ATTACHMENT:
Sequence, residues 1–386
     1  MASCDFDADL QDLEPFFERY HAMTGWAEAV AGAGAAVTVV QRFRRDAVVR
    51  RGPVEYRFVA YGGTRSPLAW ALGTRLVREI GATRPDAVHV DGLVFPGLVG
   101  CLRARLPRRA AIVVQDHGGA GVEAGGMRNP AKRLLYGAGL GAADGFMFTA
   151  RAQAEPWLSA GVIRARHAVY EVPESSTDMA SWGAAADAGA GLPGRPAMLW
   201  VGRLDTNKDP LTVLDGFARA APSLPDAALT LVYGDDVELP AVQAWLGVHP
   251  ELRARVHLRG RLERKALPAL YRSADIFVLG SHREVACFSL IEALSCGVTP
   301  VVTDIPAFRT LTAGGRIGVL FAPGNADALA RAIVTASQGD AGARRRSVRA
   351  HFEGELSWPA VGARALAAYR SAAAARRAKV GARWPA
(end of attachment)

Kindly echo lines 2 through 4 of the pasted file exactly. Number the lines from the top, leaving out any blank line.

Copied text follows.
     1  MASCDFDADL QDLEPFFERY HAMTGWAEAV AGAGAAVTVV QRFRRDAVVR
    51  RGPVEYRFVA YGGTRSPLAW ALGTRLVREI GATRPDAVHV DGLVFPGLVG
   101  CLRARLPRRA AIVVQDHGGA GVEAGGMRNP AKRLLYGAGL GAADGFMFTA